Guelph – It takes a lot of work – and a lot of water — to grow healthy trees and shrubs for Canada’s ornamental plant sector. The industry, which boasts approximately 3,500 nurseries across Canada, uses an estimated 190 million cubic metres of water every year.
But new research suggests this is two to three times more water than healthy trees need. And soon a new tool will be available to help nursery managers determine when to turn on –and turn off – the hose.
Jared Stoochnoff, a University of Guelph graduate student in the School of Environmental Sciences Controlled Environment Systems Research Facility, is pioneering a new irrigation management strategy designed to reduce water consumption and mitigate the environmental impact of ornamental nursery operations.
“Because many nursery irrigation managers lack reliable ways to quantitatively predict a plant’s actual water requirements, they tend to err on the side of caution and overwater,” Stoochnoff says. “This results in unnecessarily high water and fertilizer run-off that negatively impacts local watersheds.” Continue reading →
Guelph – It’s an unremarkable building from the outside, tucked away on a side street on the University of Guelph campus. What’s inside, though, is most remarkable – and may well be lighting the way for future human life in space, as well as better life here on earth.
Not only are researchers in the Controlled Environment Systems Research Facility working on how to best grow food away from Earth, they’re also experimenting with using light to improve the production of medical marijuana and cancer-fighting tobacco plants, helping nurseries reduce water and fertilizer use on their trees and shrubs, and finding low cost solutions to growing more compact bedding plants.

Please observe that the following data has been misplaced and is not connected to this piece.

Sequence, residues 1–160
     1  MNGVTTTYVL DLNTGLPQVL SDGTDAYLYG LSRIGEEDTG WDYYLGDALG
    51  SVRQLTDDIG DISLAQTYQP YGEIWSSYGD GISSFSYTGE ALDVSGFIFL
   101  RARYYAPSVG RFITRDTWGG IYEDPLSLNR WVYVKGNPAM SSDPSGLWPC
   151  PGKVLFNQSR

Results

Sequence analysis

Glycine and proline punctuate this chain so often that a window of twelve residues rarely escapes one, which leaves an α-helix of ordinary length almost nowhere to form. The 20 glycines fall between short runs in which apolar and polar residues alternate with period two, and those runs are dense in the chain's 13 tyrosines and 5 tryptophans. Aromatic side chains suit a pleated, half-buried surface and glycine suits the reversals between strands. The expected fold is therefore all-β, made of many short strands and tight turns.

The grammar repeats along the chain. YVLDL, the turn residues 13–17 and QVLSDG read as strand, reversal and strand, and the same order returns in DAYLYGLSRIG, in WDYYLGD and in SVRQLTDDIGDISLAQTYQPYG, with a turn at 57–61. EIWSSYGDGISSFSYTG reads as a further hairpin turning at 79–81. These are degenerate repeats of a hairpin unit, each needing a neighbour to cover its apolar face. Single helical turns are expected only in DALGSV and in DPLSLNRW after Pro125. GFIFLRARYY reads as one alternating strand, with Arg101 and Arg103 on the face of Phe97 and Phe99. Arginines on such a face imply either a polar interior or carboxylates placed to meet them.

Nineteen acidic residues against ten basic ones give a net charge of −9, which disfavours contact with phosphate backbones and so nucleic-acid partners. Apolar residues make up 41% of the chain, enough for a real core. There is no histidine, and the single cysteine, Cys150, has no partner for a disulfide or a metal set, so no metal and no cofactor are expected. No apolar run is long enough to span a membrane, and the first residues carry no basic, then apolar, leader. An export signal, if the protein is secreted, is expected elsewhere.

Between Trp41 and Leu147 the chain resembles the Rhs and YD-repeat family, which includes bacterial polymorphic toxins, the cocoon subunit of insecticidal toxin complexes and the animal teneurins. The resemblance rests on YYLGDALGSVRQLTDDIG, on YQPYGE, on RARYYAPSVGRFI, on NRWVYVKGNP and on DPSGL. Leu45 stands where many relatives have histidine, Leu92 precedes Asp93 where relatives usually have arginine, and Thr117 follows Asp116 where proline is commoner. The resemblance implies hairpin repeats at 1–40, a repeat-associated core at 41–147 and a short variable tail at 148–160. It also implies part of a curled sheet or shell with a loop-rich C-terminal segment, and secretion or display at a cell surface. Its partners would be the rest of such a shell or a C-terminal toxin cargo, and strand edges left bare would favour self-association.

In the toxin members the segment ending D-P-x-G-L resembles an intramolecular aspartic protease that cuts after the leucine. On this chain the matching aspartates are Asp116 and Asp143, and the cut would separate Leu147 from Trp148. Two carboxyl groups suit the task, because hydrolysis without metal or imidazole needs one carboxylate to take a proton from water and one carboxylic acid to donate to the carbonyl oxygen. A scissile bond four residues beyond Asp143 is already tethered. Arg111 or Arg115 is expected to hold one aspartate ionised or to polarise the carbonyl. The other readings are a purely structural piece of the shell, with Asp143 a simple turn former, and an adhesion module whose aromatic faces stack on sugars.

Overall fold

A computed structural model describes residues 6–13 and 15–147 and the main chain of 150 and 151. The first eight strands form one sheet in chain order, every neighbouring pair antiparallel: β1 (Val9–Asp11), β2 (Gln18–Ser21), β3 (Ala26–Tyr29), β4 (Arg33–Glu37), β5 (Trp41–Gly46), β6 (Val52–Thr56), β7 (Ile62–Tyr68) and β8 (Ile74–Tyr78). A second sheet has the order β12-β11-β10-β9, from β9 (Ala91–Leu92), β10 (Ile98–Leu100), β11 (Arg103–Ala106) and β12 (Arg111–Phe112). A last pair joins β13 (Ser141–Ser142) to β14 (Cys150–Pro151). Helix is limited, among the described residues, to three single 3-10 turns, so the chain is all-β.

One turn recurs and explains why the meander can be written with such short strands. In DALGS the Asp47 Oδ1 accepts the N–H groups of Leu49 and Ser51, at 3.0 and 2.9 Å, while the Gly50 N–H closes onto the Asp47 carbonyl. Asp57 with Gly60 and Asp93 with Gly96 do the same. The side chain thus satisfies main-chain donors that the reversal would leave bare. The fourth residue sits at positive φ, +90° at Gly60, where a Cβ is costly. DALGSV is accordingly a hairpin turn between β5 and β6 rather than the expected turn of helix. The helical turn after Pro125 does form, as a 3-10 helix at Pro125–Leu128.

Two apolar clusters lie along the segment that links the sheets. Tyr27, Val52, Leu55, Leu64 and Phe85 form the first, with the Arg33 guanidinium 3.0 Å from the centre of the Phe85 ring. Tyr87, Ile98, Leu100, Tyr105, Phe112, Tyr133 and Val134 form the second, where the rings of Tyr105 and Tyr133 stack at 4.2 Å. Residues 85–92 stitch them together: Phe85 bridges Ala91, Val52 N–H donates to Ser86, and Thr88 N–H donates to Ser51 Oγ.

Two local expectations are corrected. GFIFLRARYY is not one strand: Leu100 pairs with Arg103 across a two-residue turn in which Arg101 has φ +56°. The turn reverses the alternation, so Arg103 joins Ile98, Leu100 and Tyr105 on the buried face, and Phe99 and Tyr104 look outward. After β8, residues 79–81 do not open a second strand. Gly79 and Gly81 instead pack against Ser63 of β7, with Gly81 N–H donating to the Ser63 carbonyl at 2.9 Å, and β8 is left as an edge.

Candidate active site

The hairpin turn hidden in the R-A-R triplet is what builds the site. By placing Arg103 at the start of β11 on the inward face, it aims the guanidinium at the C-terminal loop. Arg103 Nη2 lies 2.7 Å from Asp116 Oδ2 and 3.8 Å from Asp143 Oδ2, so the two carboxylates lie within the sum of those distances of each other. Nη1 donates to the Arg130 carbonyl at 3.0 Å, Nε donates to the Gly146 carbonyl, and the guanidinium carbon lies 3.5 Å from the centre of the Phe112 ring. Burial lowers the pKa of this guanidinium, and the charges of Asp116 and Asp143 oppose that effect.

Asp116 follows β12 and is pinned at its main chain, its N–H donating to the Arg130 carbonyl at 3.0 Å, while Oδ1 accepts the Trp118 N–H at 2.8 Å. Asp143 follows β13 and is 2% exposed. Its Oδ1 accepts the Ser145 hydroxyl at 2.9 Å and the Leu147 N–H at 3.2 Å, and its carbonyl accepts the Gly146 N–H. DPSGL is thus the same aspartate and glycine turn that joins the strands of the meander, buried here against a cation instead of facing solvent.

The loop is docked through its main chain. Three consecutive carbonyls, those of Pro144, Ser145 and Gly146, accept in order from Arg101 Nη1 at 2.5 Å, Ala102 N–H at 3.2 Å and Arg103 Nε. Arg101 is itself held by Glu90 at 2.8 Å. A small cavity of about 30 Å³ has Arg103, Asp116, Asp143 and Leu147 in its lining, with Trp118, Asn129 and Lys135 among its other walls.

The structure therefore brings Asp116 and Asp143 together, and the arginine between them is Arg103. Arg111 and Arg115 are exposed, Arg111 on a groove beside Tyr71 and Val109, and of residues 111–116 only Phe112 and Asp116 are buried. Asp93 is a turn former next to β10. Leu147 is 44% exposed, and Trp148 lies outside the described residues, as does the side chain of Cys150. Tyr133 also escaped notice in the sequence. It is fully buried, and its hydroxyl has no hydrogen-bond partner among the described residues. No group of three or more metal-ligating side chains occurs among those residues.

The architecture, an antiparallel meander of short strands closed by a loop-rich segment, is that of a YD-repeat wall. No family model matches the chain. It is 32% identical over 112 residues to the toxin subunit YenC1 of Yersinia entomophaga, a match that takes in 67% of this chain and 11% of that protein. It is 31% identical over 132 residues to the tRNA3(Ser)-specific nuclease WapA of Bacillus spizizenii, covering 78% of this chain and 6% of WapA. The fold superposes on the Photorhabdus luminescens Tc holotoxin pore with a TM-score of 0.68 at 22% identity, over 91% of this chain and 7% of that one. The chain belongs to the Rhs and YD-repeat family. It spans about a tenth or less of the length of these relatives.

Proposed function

PhD candidate Dave Hawley is using basil and strawberry plants in experiments designed to find the best LED light combination for use in small, low atmosphere growth chambers that will not only simulate but actually improve upon real sunlight – and resulting in better flavour and ultimately helping feed people on long space journeys. Continue reading →
Campbellford – There’s no manual for farming shrimp in Ontario. No best practices or specialists to consult. But that didn’t deter the Cocchio family from taking the plunge into raising the delicate crustaceans in a former pig barn.
When the market fell out of pig farming about 10 years ago, Paul and Tracy Cocchio found themselves with three relatively new, empty barns on their Campbellford, Ontario farm.
A casual internet search for alternate uses for barns turned up shrimp farming. It peaked their interest enough to travel to the U.S. to visit a few shrimp farmers, and Paul took an Ontario Ministry of Agriculture, Food and Rural Affairs (OMAFRA) workshop on trout farming.
As the Cocchios pondered their options, they factored in the untapped market opportunities for Ontario-grown shrimp.
“Shrimp is the number one imported seafood in North America, and we knew that nearly every restaurant between Toronto and Ottawa has shrimp on the menu,” said Brad Cocchio, who runs the operation with his wife Jordan, and his parents Paul and Tracy. Continue reading →
left to right: Undergraduate student Eric Chadwick, graduate student Shaker Bukhari and Prof. Wael Ahmed at the University of Guelph School of Engineering
By Matt McIntosh for AgInnovation Ontario
Guelph – A new pump that uses air to circulate water is being developed at the University of Guelph, and it could make some favorable waves in the aquaculture industry.
Known as the Airlift Pump, the device is intended to replace costly and energy-hungry circulation machinery at both inland and open-water fish farms. It’s versatile, energy efficient, and even has some unintended and rather positive side effects on water quality.
According to principal researcher Wael Ahmed, associate professor at Guelph’s School of Engineering, the Airlift Pump is an aeration system using a specially designed dual air injector, and runs using the physics of buoyancy. Continue reading →